tiny rhode island very big in costume jewelry : but imports are making an inroad
Rhode Island produces 80% square meters of clothing and jewelry--
Or fashion jewelry because the industry calls it a medium-priced jewelry.
Price decoration--Made in America.
900 jewellery companies are concentrated in Providence and its suburbs, employing 24,400 workers with an annual salary of $0. 35 billion.
Products produced by the Providence factory include earrings, bracelets, necklaces, pins, pendants, rings, chains, cufflinks and ties.
\"Jewelry is the largest manufacturing industry in Rhode Island,\" said Bill Parsons, assistant director of the state\'s economic development department.
\"We ship 1 million pounds of clothing jewelry every week from outside the state. It is a $1. 5-
A billion Industries in Rhode Island.
\"Rhode Island has been the heart and soul of clothing jewelry for nearly two centuries.
1794, nehemla Dodge--
Considered the father of the industry-
At his small Providence store, he developed a revolutionary process for plating base metals in gold.
Many other companies have used the technology he pioneered to grow rapidly around Dodge\'s factory.
Today, the attention of jewelry producers has shifted to the Massachusetts town bordering Rhode Island ---
But almost everyone is at 30-
It is only a few minutes drive from Providence.
Most of the jewelry makers in Rhode Island are still small, familyowned and -
Businesses with 25 to 100 employees.
But there are a lot of big
Well-known companies such as Trifari, Monet, Jewel Co.
In the United States, keenhoff and Mung, Anson, blova, Goram, Swansea and spedel.
Apparel jewelry accounts for 40% of jewelry made in the United States.
The other 60% are precious metals and precious stones, mainly from New York, New Jersey, California and Florida.
The fashion jewelry market is booming at 1980.
But America is not the biggest beneficiary. S. manufacturers.
2,400 spokesman Charles Rice lamented: \"When fashion jewelry is sold like hot cakes, we are squeezed out by foreign imports --\"
A member-made jeweler and silversmith based in the United States.
Over the past eight years, significant progress has been made in imports.
Since 1978, more than 8,000 jewelry workers have lost their jobs and 300 companies have closed down.
According to MJSA, the United StatesS.
Sales of all types of jewelry have increased by 40% in the last four years, with a total value (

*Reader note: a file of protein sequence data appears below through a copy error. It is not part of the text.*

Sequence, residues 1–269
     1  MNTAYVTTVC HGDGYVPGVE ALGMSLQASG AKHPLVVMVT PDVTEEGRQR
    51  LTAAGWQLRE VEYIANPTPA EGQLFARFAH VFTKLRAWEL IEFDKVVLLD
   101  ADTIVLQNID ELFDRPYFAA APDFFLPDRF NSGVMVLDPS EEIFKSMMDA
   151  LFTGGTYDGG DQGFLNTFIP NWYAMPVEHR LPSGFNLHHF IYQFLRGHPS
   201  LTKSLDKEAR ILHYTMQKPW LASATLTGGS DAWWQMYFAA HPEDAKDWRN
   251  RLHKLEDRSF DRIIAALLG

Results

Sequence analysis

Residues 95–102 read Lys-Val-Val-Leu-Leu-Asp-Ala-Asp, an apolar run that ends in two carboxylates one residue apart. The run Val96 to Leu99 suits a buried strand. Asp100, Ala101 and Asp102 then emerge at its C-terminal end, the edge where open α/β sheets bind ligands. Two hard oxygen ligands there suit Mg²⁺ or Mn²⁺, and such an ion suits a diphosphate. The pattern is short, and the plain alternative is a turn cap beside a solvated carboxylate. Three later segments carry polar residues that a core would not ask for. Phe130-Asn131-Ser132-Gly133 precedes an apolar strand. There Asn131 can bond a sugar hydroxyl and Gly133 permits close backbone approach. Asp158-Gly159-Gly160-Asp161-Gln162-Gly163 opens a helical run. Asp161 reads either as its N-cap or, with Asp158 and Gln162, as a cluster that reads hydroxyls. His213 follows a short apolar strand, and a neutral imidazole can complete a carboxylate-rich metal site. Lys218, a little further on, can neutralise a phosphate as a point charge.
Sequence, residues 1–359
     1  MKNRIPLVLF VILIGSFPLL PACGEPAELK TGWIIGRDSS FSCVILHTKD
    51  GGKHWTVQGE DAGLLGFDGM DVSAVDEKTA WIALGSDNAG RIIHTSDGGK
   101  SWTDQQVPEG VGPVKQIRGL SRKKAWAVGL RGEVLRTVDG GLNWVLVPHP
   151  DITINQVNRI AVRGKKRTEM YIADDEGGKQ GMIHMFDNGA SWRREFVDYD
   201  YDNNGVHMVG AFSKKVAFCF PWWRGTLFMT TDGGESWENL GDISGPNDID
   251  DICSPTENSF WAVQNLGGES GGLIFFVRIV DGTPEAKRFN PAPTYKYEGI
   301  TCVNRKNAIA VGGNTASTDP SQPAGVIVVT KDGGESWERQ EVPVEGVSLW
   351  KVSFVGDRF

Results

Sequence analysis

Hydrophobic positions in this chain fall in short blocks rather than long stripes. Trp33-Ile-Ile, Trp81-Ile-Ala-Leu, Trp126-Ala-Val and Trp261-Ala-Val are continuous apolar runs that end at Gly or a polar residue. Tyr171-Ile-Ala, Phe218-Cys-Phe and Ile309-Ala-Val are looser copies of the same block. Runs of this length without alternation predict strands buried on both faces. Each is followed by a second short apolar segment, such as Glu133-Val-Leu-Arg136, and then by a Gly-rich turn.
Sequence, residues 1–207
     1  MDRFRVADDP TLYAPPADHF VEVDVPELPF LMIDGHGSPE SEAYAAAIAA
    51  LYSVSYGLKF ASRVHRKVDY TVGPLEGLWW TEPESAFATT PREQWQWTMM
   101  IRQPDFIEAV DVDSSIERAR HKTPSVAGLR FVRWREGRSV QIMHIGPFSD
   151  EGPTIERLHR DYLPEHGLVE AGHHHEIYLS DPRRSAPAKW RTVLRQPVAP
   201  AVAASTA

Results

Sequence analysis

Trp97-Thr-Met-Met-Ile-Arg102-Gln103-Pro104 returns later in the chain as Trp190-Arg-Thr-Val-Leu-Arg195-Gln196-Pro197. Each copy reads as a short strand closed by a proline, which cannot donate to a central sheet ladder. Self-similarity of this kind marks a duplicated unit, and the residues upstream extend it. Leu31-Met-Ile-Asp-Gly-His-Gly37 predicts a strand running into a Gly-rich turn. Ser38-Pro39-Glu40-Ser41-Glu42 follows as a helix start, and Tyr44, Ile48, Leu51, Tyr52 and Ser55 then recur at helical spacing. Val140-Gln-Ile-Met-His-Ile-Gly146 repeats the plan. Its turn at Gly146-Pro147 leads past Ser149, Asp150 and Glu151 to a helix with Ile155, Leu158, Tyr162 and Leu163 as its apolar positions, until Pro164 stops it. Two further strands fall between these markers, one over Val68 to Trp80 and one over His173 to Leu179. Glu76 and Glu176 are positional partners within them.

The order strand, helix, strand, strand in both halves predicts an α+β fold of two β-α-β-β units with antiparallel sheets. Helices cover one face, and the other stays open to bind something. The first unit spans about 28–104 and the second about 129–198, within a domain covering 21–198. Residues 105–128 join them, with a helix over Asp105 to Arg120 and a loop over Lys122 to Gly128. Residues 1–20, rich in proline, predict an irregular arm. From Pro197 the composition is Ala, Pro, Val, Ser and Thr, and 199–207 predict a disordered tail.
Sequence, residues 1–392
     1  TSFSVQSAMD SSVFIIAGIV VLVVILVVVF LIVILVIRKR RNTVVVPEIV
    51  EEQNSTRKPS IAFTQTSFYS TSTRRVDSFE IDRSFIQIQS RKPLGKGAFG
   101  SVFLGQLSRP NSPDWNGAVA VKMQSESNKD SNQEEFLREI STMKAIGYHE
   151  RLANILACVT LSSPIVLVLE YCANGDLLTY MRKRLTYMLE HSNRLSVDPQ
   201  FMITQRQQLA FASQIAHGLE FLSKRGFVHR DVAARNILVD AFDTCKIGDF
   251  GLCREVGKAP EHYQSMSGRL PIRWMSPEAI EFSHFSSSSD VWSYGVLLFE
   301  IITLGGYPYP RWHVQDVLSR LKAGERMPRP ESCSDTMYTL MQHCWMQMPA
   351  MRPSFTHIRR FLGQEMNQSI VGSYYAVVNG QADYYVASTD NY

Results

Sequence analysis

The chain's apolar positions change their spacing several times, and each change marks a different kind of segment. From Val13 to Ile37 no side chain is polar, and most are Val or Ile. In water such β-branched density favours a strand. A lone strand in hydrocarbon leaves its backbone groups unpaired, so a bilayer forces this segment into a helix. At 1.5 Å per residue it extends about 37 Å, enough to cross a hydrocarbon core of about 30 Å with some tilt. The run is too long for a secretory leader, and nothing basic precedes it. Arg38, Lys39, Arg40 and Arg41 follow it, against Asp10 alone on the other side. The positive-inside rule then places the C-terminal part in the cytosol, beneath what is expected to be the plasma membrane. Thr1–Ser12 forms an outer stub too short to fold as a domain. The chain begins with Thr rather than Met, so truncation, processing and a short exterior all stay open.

Increase to $6.
4 billion from $4. 5 billion.
However, the value of jewelry imports increased by 83% during the same period ---to $1.
$9 billion and $1 billion.
American Ring Companyand Excell Mfg. Co.
Examples of two families
State-owned enterprises that successfully meet the challenges of foreign imports.
Renato Calandrelli, 59, is from Naples, Italy and came to the country at the age of 18.
He makes a minimum wage for a tool. and-
Until the company died in January.
1973, when he decided to try to make his own by launching the American Ring Company
In Providence, East
\"In the first year, I was the only employee of the company.
\"The company earned $24,000 from the sale of 2,000 rings,\" Calandrelli recalled . \".
S. Ring hired 180 workers last year, with total sales of more than $11 million, he said.
\"Competition from the east is fierce.
\"This is an ongoing concern,\" Calandrelli admitted . \".
His company is a fashion leader.
It produces 80,000 rings a week, most of which retail for $15 to $20.
\"Every three months we will introduce new styles,\" he explained . \"
\"This is a way to beat them (imports).
I spend $200,000 to $300,000 a year on new ideas, developing new models.
\"Foreign producers don\'t know what the American public wants.
They must follow us.
We build trends (that)they copy.
\"Fred kilgos, 75, is the chairman of Excell Mfg. Co.
As one of the largest jewelry chains in the country, he tells how his company has taken a different approach to deal with the commercial losses caused by Italian imports.
\"Italians have launched a new fashion chain that is popular overnight in the United States,\" says Kilguss . \".
\"We are not making this chain.
Our sales plummeted.
\"We could have had a stomachache.
It\'s like a few chain companies in Providence, but we \'ve caught up with the trend.
Italians not only make chains, but also sell machines that make them.
We bought Italian machines.
Despite the success, Kilguss said, \"it is almost impossible for companies here to compete with the low end of the apparel and jewelry industry.
Currently, in Taiwan, Hong Kong and South Korea, almost all goods sold for less than $1 to $5 are being produced.
But on higher-priced items like our chain stores, we can compete, with retail prices ranging from $20 to $2,000.
\"Excell did not disclose the total sales, but Kilguss said that his company employs twice as many workers as it did 10 years ago and that sales were 10 times as high as in 1976.